David Kepesh is a white haired and over sixty, an eminent TV culture critic and star lecturer at a New York college, when he meets Consuela Castillo, a decorous, well-mannered student of twenty-four, the daughter of wealthy Cuban exiles, who promptly puts his life into erotic disorder and haunts him for the next eight years. Since the sexual revolution of the 1960's freed him from his wife and child, Kepesh has experimented with living what he calls an emancipated manhood beyond the reach of family or a mate. Over the years, he had refined that exuberant decade of protest and licence into an orderly way of life in which he is both unimpeded in the world of Eros and studiously devoted to his aesthetic pursuits. But the youth and beauty of this newly hatched woman a masterpiece as Kepesh describes Consuela, of 'volupte' - undo him completely. His worldliness, his confidence, his reason desert him, and on the brink of old age, a maddening sexual possessiveness transports him to the depths of deforming jealousy. The lighthearted erotic tale with which he began evolves into a poignant, tragic story of love and loss.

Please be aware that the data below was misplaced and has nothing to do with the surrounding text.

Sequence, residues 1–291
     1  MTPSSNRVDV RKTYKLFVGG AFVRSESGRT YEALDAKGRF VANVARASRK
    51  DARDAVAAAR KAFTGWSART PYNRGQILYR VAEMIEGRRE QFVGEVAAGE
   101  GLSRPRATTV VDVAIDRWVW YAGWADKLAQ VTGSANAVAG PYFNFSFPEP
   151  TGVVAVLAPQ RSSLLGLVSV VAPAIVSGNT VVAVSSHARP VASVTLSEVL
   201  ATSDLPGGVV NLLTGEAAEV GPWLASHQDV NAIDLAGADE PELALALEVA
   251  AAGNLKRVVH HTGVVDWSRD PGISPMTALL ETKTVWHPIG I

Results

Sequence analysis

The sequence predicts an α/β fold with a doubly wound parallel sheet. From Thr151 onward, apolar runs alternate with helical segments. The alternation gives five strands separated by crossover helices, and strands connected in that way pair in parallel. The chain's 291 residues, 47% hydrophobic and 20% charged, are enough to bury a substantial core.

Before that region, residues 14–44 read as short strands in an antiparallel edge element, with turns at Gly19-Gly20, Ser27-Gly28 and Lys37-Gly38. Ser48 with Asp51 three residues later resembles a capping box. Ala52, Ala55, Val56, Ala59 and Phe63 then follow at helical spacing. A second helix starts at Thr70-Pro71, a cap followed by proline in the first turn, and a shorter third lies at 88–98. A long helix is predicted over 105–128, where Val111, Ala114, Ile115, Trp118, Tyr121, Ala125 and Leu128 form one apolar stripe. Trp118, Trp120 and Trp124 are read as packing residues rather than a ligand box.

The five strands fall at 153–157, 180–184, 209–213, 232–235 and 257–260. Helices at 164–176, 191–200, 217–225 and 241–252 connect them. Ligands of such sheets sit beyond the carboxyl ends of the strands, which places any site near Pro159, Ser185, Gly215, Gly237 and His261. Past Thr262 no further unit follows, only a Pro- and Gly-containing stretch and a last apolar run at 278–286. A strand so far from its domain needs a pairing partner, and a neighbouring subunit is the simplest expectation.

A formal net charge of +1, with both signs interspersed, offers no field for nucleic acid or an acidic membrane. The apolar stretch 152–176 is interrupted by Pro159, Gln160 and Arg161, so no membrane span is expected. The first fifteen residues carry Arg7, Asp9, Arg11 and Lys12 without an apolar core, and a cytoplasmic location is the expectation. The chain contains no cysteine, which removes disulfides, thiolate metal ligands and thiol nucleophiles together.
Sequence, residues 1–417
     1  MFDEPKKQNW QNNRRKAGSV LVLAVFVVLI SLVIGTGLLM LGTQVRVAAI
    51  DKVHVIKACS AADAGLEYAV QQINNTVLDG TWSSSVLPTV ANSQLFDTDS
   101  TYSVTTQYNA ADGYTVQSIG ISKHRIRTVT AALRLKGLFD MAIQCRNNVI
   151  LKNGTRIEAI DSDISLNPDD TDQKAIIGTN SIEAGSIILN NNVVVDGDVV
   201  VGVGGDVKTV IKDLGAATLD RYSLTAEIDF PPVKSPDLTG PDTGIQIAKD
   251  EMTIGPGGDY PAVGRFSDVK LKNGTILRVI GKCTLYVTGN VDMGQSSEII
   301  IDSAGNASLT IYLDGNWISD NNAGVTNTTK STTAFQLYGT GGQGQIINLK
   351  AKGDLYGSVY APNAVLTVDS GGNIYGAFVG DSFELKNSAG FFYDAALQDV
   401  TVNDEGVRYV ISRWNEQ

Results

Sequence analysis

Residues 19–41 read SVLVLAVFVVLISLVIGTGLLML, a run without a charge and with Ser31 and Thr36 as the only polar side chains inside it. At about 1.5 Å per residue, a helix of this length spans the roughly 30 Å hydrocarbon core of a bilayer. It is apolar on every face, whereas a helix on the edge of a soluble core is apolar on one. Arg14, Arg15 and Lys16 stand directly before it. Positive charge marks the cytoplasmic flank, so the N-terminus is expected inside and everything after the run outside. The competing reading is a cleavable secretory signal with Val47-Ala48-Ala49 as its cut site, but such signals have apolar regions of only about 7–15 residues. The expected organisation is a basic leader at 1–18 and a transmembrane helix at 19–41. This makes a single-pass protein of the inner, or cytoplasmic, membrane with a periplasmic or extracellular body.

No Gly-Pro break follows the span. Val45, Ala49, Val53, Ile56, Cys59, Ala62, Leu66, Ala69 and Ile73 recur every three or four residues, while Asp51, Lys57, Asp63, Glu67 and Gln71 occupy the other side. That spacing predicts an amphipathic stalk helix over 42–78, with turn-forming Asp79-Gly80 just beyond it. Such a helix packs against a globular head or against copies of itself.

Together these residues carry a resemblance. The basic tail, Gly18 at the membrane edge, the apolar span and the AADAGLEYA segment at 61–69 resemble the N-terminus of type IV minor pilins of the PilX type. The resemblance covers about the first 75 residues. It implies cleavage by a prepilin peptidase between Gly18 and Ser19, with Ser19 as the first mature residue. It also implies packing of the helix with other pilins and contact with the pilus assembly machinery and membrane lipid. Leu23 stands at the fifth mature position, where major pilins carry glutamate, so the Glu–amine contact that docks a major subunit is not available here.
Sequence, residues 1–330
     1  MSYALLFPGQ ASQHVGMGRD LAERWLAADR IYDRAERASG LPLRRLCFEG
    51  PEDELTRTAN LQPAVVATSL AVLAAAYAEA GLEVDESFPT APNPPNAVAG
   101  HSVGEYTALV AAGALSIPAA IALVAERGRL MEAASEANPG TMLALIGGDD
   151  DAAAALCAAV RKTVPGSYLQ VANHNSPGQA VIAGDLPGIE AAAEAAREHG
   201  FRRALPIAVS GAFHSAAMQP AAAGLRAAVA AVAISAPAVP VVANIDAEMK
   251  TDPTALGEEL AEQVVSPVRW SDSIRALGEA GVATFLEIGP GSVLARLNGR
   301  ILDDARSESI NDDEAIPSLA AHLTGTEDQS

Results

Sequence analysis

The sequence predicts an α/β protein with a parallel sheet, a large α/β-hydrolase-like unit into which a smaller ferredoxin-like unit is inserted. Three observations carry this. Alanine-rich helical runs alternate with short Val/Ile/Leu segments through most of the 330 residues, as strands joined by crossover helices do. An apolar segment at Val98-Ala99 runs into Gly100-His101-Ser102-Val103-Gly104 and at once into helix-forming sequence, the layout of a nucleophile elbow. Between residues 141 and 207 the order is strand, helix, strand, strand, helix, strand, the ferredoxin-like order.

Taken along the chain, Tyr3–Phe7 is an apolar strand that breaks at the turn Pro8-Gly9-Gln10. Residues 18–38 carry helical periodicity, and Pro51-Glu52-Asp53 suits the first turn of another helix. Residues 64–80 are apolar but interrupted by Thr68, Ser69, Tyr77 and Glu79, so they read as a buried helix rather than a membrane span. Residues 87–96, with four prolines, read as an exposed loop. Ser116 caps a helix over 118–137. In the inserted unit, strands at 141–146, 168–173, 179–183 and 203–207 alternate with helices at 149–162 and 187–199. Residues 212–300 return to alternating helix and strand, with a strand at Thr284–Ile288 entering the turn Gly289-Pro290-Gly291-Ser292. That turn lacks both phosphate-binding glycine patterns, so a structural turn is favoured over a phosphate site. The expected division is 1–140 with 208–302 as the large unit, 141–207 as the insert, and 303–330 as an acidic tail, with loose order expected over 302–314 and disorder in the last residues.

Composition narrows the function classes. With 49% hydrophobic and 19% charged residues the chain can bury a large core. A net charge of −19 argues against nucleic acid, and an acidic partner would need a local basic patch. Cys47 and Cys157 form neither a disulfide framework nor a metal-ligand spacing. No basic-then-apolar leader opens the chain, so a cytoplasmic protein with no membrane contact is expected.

'This is a vicious, furious book, unapologetically not of this age-it is also horribly funny and unflinchingly honest' New Statesman 20020220
In the 1990s Philip Roth won America's four major literary awards in succession: the National Book Critics Circle Award for Patrimony (1991), the PEN/Faulkner Award for Operation Shylock (1993), the National Book Award for Sabbath's Theater (1995), and the Pulitzer Prize in fiction for American Pastoral (1997). He won the Ambassador Book Award of the English-Speaking Union for I Married a Communist (1998); in the same year he received the National Medal of Arts at the White House. Previously he won the National Book Critics Circle Award for The Counterlife (1986) and the National Book Award for his first book, Goodbye, Columbus (1959). In 2000 he published The Human Stain, concluding a trilogy that depicts the ideological ethos of postwar America. For The Human Stain Roth received his second PEN/Faulkner Award as well as Britain's W. H. Smith Award for the Best Book of the Year. In 2001 he received the highest award of the American Academy of Arts and Letters, the Gold Medal in fiction, given every six years "for the entire work of the recipient".